Paul Krugman claims to have refuted “liquidationism.” In a follow-up post, he points to a post by Heather Boushey that bears a strong (unintentional) resemblance to Karl Smith’s post on “the myth of structural unemployment.”
Both Krugman and Boushey run with the following overly broad claim from Raghuram Rajan:
This crisis followed a period, from 2002-2004, when monetary policy had done too much heavy lifting. The US had far too much productive capacity devoted to houses and cars, because consumers could obtain financing for them easily. With households now struggling with this remaining debt, should we expect them to spend beyond their means again, or ask them to do so?
Moreover, if consumers are now going to want fewer houses and cars, a significant number of jobs will disappear permanently. Workers who know how to build houses, or to sell or finance them, will have to learn new skills. This means resources have to be reallocated into other sectors to ensure a robust recovery, not simply a resumption of the old binge. But this will not necessarily be facilitated by ultra-low interest rates. [Emphasis added.]
Krugman then says the following:
If high unemployment were largely about shifting workers out of an overblown construction sector, wouldn’t you expect job losses to be concentrated in that sector? Wouldn’t you expect employment elsewhere to be, if anything, rising? In fact, however, the vast majority of job losses have occurred in parts of the economy with little direct connection to the housing bubble. Yes, as a percentage job losses have been much larger in construction; but nothing in Rajan’s argument explains why we shouldn’t be using policy in an attempt to prevent vast job losses in parts of the economy that aren’t overblown.
Boushey, rather more usefully, adds the following:
Certainly, construction has lost a significant chunk of jobs, but other industries — manufacturing, professional and business services, transportation and warehousing, financial activities, leisure and hospitality, and information services — have all lost a larger share. Much of financial activities could be considered tied to the run-up and bust of the housing market, but all the others? This Great Recession has had fairly broad, widespread job losses across industry, which contradicts the idea that there’s one or two sectors that U.S. workers need to transition out of.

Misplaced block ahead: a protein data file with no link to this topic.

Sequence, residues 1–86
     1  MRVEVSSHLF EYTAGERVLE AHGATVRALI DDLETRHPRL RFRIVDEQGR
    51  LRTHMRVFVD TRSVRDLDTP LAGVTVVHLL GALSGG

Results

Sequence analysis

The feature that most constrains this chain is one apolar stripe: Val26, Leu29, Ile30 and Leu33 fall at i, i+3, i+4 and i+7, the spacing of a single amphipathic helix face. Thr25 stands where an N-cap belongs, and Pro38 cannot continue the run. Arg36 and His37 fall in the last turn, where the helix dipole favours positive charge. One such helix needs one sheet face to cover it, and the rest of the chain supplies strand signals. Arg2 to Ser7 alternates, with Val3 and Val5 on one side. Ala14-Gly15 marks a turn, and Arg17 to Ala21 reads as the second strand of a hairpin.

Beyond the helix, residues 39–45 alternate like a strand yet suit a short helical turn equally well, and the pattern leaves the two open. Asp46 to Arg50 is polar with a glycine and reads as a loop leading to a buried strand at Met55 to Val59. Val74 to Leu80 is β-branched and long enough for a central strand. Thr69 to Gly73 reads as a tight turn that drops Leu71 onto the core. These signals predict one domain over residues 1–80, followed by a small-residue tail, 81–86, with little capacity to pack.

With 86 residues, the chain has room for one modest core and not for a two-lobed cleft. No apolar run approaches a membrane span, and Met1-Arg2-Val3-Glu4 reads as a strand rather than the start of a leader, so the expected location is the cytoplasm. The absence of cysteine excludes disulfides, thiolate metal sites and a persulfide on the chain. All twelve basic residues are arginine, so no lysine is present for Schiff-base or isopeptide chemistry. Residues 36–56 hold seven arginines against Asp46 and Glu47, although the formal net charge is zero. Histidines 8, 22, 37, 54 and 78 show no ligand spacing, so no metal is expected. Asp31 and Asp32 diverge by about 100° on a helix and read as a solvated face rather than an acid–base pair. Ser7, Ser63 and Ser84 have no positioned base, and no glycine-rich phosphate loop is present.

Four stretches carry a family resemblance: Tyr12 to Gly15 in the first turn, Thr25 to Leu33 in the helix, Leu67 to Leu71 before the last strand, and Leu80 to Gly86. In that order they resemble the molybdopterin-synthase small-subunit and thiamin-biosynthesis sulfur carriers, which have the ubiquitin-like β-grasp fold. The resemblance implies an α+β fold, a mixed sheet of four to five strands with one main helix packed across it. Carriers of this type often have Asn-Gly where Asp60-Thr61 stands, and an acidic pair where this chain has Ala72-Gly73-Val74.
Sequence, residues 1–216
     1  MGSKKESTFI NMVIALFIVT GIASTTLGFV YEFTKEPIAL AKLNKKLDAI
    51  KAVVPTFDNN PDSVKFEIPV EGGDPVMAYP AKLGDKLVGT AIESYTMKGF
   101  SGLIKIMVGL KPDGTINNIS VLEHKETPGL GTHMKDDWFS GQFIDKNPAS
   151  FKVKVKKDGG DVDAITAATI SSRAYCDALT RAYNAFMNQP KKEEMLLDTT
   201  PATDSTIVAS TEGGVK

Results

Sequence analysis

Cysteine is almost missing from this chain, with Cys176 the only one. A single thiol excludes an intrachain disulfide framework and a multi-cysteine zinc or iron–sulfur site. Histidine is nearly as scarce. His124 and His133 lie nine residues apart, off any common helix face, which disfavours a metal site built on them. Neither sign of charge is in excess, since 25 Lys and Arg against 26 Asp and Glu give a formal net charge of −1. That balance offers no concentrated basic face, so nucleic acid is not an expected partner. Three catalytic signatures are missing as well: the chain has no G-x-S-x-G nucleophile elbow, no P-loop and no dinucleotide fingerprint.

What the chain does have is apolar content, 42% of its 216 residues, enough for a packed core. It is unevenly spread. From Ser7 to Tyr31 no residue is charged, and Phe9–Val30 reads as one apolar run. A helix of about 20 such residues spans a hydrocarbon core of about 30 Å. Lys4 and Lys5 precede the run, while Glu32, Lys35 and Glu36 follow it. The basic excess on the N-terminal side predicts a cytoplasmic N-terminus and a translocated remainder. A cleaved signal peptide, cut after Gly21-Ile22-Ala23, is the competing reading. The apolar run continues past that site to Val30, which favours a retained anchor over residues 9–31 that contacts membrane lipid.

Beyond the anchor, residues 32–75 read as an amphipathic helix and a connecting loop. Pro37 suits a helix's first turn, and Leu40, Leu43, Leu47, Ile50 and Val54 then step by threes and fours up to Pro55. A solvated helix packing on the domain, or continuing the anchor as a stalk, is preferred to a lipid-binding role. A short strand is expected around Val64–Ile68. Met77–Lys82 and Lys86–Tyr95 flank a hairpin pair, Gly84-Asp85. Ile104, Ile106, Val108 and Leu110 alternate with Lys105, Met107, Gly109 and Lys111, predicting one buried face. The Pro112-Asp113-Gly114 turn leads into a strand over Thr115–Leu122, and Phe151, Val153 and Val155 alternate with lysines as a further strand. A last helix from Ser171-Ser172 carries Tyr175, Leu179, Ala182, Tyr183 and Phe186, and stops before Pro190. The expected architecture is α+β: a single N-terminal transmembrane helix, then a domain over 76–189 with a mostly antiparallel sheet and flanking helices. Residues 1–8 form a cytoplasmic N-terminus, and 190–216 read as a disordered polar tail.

To Boushey’s credit, she acknowledges that the housing market is more than the construction sector. But I’d suggest that Krugman and Boushey are missing the point, and Rajan didn’t improve matters by focusing narrowly on housing and cars.
You don’t have to be a devotee of the Austrian school to recognize that a variety of factors — monetary factors, but also implicit and explicit subsidies — can lead to overinvestment in certain sectors and skill sets. As Eric Brynjolffson and Adam Saunders argue in Wired for Innovation, our economy has experienced a number of structural changes that make jobless recoveries more likely across many sectors. The main driver of productivity growth is investment in organizational capital. In IT-intensive sectors, there is much wide variance in performance across firms, an artifact of a wide variety of organizational strategies, some successful and others less so. In an interview with strategy + business, Brynjolffson offered the following:
Many of the laid-off workers will not be hired back into the same jobs when the economy recovers. Those spots on the assembly line or behind the desk are gone forever, made superfluous by technology-enabled restructuring. Instead, people will need to find new jobs, in new companies and even new industries. That takes people a lot longer to sort out than simply going back to business as usual; hence, we can expect longer periods of unemployment.
Unlike Rajan, Brynjolffson is very concerned about the threat of deflation and he advocates aggressive monetary expansion. And those are views shared by many people who nevertheless believe that we’re undergoing major sectoral shifts. But his arguments cut in the same direction as Rajan’s on the question of whether there is a monetary quick fix for these sectoral shifts.
The bottom line is that the current jobless recovery suggests the US has to undertake deep structural reforms to improve its supply side. The quality of its financial sector, its physical infrastructure, as well as its human capital, all need serious, and politically difficult, upgrades. If this is our goal, it is unwise to try to revive the patterns of demand before the recession, following the same monetary policies that led to disaster.
None of this is to say that the Fed should jack up rates without warning, or to extremely high levels. Policy at times of unusual uncertainty should never be extreme. But this is precisely why, when the jitters about Europe recede, it would be prudent for the Federal Reserve to set the stage for raising rates from ultra-low to the merely low. [Emphasis added.]
I wish that Rajan were more specific. Yet my sense is that he is making a reasonable point, which is that we don’t want to revive the old patterns of demand.
If we bracket the monetary policy question, we could at the very least pull back subsidies from the housing sector and, to the extent possible, across the wider economy, from the Export-Impact Bank and agriculture and other sectors. Because again, the problem isn’t just housing and cars: obsolete firms and jobs are laced throughout the economy, and we should, to the extent possible, facilitate the process of liquidation and retraining. This is why the “cash-for-cuts” concept is so important. The goal is not to attack the public sector workforce. Rather, it is to create opportunities for efficiency gains by reforming compensation schemes.